US6232905Mar 8, 1999May 15, 2001Agere Systems Guardian Corp.Clocking technique for reducing sampling noise in an analog-to-digital converter
US6304253Apr 12, 1999Oct 16, 2001Samsung Electronics Co., Ltd.Horizontal position control circuit for high-resolution LCD monitors
US6304296 *Oct 5, 1998Oct 16, 2001Seiko Epson CorporationMethod and apparatus for adjusting dot clock signal
US6313881 *Nov 20, 1998Nov 6, 2001Deutsche Thomson-Brandt GmbhSignal processing for a picture signal
US6320574May 20, 1998Nov 20, 2001Genesis Microchip, Corp.Circuit and method for generating pixel data elements from analog image data and associated synchronization signals
US6636205Apr 10, 2000Oct 21, 2003Infocus CorporationMethod and apparatus for determining a clock tracking frequency in a single vertical sync period
US6731343 *Oct 12, 2001May 4, 2004Seiko Epson CorporationMethod and apparatus for adjusting dot clock signal
US7319464Nov 21, 2003Jan 15, 2008Seiko Epson CorporationMethod and apparatus for adjusting dot clock signal
US8068177 *Sep 5, 2006Nov 29, 2011Beyond Innovation Technology Co., Ltd.Methods and devices for signal synchronization
USRE38618Sep 8, 2000Oct 12, 2004Infocus CorporationMethod and apparatus for automatic pixel clock phase and frequency correction in analog to digital video signal conversion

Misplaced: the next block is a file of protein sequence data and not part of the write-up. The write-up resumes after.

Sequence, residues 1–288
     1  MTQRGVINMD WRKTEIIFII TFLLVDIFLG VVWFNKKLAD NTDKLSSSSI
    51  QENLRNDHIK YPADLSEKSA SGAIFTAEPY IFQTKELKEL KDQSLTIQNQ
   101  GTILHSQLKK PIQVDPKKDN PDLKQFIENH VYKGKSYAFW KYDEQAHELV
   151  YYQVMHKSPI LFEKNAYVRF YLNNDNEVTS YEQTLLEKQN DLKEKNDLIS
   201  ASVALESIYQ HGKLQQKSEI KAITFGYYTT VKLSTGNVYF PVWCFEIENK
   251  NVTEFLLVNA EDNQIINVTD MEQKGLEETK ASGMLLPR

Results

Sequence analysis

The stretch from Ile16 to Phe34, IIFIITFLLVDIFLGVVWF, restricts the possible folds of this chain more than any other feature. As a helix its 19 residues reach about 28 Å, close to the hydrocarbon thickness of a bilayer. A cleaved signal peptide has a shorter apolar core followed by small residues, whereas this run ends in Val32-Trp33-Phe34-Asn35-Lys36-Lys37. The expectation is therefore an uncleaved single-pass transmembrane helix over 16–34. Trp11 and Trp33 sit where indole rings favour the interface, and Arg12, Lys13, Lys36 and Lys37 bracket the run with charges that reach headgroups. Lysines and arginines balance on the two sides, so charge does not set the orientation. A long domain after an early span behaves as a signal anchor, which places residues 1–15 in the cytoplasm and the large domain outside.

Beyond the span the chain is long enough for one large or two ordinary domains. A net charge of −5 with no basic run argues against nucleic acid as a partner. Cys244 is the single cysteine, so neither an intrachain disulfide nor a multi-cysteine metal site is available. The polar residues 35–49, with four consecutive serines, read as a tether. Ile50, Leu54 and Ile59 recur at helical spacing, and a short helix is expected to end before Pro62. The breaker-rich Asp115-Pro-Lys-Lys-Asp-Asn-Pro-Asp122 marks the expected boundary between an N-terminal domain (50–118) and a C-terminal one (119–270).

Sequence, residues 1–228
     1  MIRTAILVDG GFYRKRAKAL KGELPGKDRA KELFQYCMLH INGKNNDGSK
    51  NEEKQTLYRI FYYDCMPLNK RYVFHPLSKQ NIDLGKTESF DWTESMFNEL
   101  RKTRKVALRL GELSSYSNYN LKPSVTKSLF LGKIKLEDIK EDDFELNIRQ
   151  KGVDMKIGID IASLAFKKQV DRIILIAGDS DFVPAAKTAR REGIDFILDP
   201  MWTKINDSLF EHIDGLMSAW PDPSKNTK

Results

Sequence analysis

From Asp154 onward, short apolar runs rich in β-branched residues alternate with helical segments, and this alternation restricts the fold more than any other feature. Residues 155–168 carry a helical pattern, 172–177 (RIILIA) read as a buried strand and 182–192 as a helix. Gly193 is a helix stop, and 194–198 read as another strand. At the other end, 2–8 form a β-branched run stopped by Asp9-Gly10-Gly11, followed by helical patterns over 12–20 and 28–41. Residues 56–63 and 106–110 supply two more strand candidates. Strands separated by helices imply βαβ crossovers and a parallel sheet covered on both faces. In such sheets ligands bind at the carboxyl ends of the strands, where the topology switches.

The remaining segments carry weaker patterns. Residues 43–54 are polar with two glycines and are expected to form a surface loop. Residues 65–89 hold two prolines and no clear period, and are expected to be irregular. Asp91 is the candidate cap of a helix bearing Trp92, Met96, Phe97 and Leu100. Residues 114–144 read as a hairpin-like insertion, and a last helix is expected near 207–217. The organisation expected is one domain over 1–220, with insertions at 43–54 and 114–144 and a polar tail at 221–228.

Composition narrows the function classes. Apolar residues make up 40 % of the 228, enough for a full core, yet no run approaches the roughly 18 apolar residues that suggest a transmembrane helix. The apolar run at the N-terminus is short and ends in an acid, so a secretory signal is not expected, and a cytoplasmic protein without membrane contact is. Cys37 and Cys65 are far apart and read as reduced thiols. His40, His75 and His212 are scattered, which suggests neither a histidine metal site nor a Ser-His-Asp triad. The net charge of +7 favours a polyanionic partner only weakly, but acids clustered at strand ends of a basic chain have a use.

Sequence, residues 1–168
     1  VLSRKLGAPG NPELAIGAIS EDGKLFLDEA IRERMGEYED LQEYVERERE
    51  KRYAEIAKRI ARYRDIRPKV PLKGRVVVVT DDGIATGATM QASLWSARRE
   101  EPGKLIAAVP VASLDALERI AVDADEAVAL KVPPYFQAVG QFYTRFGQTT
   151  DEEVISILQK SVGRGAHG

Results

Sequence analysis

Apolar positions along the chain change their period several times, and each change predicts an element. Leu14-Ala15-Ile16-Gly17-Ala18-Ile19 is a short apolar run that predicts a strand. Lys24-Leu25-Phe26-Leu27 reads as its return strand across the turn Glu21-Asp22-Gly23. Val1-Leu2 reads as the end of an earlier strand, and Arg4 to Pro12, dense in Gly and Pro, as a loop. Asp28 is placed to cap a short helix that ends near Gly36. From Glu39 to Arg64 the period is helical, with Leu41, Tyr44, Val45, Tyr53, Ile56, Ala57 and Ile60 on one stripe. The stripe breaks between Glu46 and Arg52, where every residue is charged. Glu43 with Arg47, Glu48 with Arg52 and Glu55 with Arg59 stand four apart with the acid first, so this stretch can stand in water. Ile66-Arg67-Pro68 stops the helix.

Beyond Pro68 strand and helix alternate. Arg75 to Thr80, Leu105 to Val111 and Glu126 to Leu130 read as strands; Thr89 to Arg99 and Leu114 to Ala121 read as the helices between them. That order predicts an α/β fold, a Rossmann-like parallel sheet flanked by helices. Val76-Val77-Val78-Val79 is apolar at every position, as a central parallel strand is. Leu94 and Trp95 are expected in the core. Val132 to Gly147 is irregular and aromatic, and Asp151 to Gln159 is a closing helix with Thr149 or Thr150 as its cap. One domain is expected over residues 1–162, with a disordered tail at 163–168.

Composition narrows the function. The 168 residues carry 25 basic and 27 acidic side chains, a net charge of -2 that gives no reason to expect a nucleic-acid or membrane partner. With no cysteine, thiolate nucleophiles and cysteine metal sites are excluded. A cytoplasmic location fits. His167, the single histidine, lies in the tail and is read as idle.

USRE40675 *May 20, 2004Mar 24, 2009Infocus CorporationMethod and apparatus for automatic pixel clock phase and frequency correction in analog to digital video signal conversion
USRE40859Nov 20, 2003Jul 21, 2009Genesis Microchip (Delaware) Inc.Method and system for displaying an analog image by a digital display device
USRE41192 *Apr 21, 2006Apr 6, 2010Genesis Microchip Inc.Method and system for displaying an analog image by a digital display device
USRE42615Nov 23, 2009Aug 16, 2011Genesis Microchip (Delaware) Inc.Method and system for displaying an analog image by a digital display device
USRE43573Jun 24, 2011Aug 14, 2012Genesis Microchip (Delaware) Inc.Method and system for displaying an analog image by a digital display device
WO1998025401A1 *Dec 4, 1997Jun 11, 1998In Focus Systems IncPixel clock phase and frequency correction
Classifications
U.S. Classification348/537, 348/E05.021, 348/536
International ClassificationH04N5/12, H04N5/06, G09G5/18
Cooperative ClassificationH04N5/126
European ClassificationH04N5/12C
Legal Events
DateCodeEventDescription
Jan 13, 2012ASAssignment
Owner name: HTC CORPORATION, TAIWAN
Effective date: 20111213
Free format text: ASSIGNMENT OF ASSIGNORS INTEREST;ASSIGNOR:HEWLETT-PACKARD DEVELOPMENT COMPANY, L.P.;REEL/FRAME:027531/0218
Sep 22, 2011ASAssignment
Free format text: ASSIGNMENT OF ASSIGNORS INTEREST;ASSIGNOR:HEWLETT-PACKARD COMPANY;REEL/FRAME:026945/0699
Owner name: HEWLETT-PACKARD DEVELOPMENT COMPANY, L.P., TEXAS
Effective date: 20030131
Jan 28, 2008REMIMaintenance fee reminder mailed
Jan 23, 2008FPAYFee payment
Year of fee payment: 12
Jan 23, 2004FPAYFee payment
Year of fee payment: 8
Jan 16, 2001ASAssignment
Owner name: HEWLETT-PACKARD COMPANY, COLORADO
Free format text: MERGER;ASSIGNOR:HEWLETT-PACKARD COMPANY;REEL/FRAME:011523/0469
Effective date: 19980520
Owner name: HEWLETT-PACKARD COMPANY INTELLECTUAL PROPERTY ADMI
Dec 21, 1999FPAYFee payment
Year of fee payment: 4